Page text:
Below I've listed some of the notable landmarks in the area.

Alabama State Fairgrounds

I have not been able to locate an exact date that the Fairgrounds opened.  However, I can ascertain that it was open and active prior to the 1904 World's Fair. 

The statute of the Roman God of Fire and Forge (Vulcan) was displayed at the World's Fair that year. Commissioned by the Commercial Club of Birmingham and created by an Italian immigrant named Giuseppe Moretti, the Vulcan is the largest completely cast iron statue in the world.  Coming in at 57 feet tall, it was shipped to St. Louis in pieces and reassembled there.  It was awarded the "Grand Prize".  Once the fair was over, it was disassembled and shipped back to Birmingham.  However, due to unpaid freight charges, the statute was unceremoniously dumped next to the tracks where he stayed for many months. 

Eventually he was put back together and was on display at the Alabama State Fairgrounds.  However, he was without his spear as it had been lost in St. Louis.  He became the largest advertising vehicle at the time due to his lack of a sword.  At various times he would come to hold a bottle of Coke, an ice cream cone and even a jar of pickles. 

He remained on display at the fairgrounds until 1939 when he would receive his own park atop the Red Mountain on the border between Birmingham and Homewood.

In 2001 the Alabama State Fair was disbanded and officially ceased to exist.  They cited poor attendance and high crime as their reasons for disbanding.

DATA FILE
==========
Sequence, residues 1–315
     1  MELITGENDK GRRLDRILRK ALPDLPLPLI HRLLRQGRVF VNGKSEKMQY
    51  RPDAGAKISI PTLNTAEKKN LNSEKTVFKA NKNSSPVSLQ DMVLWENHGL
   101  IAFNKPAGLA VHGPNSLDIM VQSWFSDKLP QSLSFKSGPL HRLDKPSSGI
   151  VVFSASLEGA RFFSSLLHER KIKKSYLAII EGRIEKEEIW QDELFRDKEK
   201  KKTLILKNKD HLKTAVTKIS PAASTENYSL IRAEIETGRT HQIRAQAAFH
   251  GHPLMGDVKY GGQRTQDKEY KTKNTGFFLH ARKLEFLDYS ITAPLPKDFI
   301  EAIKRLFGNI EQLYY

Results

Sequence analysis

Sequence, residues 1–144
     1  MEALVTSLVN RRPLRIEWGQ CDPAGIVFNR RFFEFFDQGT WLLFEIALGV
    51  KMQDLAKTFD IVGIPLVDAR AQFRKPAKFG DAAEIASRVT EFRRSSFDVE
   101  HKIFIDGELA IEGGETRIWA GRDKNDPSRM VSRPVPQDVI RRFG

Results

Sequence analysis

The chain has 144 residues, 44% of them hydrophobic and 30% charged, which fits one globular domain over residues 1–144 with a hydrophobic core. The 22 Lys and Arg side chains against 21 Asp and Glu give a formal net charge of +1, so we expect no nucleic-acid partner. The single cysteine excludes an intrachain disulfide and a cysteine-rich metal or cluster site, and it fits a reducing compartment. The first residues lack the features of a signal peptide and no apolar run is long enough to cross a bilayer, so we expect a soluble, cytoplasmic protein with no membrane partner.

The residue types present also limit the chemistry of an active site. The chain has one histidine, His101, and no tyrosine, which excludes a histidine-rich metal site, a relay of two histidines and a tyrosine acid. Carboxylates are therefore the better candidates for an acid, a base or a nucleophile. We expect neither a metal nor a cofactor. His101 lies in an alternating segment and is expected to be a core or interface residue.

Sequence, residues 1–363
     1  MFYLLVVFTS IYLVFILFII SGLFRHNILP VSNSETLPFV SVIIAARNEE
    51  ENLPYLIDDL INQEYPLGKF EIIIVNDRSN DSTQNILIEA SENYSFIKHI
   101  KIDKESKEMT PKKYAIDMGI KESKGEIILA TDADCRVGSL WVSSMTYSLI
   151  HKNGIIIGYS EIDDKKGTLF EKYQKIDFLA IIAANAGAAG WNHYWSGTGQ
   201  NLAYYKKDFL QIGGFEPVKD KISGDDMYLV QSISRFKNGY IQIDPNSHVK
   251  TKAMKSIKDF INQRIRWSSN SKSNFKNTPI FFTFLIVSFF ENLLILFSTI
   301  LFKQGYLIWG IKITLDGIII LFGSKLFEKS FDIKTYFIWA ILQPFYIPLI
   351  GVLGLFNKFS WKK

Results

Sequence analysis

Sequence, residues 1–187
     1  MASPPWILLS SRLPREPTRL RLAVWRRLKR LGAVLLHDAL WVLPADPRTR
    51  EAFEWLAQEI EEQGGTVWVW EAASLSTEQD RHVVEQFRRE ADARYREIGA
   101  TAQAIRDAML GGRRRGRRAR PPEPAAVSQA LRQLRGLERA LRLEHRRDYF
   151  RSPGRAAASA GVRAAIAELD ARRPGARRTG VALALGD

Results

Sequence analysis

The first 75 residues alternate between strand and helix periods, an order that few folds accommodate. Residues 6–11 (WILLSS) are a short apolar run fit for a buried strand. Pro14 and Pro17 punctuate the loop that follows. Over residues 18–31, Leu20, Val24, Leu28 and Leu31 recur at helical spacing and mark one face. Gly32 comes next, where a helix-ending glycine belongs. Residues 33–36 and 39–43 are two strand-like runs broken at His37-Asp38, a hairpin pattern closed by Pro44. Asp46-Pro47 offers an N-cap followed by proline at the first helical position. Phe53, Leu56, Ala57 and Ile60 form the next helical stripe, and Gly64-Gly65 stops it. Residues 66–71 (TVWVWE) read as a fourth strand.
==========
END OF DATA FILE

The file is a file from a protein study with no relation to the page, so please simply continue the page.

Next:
Legion Field

Adjoining the Fairgrounds was the Legion Field sports center.  For many years it was called the "Football Capital of the South".  At its peak it sat an impressive 83,091 fans.  It was colloquially called "the Old Grey Lady".

Some of it tenants included:
The University of Alabama Football Team (1927-2003)
Auburn Tigers (1927-1998)
UAB Blazers (1991-present)
Dixie Bowl (1948-1949)
Hall of Fame Classics (1977-1985)
All American Bowl (1986-1990)

Rickwood Field

A short distance from both the fairgrounds and Legions Field is the Rickwood Field located at 1137 2nd Avenue West.  Rickwood Field is the oldest surviving professional baseball park in the United States. Initially it was built for the Birmingham Barons in 1910 by industrialist and team owner Rick Woodward.  It is now owned by the City of Birmingham and is considered a "working museum". 

Some of its tenants included:
Birmingham Barons (1910-1986)
Birmingham Black Barons of the Negro League (1920-1960)
Pittsburgh Pirates used it for spring training in 1919
Philadelphia Phillies used it for spring training in 1911 & 1920

Arlington House (Mudd-Munger House)

The Arlington House or Mudd-Munger House is located at 331 Cotton Avenue SW.  It is the only original antebellum mansion in the city of Birmingham.  It was built in 1822 by Judge William Mudd who was one of the 10 founding fathers of Birmingham.

During the civil war General James H. Wilson, who conducted the largest union raid into Alabama in the spring of 1865 established his headquarters there, effectively saving the mansion from destruction and allowing it to escape the war unscathed.  Today it is both a museum and an events venue. 

Below is a photo of the house taken in 1959.

There are a few buildings on the Alabama Register of Landmarks in this area.  One of them is the Blessed Sacrament Catholic Church which recently celebrated their 106th birthday.

Another great building in this area is the West End High School.

During the heyday of this area, the West End Park was the place to be for residents.  Below is a postcard dated 1906.

One of the first open air malls in the area was built in the West End.

The West End has seen more than it fair share of ups and downs.  However, it is still a popular place for renters with its close proximity to everywhere and its reasonable rent.  Not a bad place in which to invest.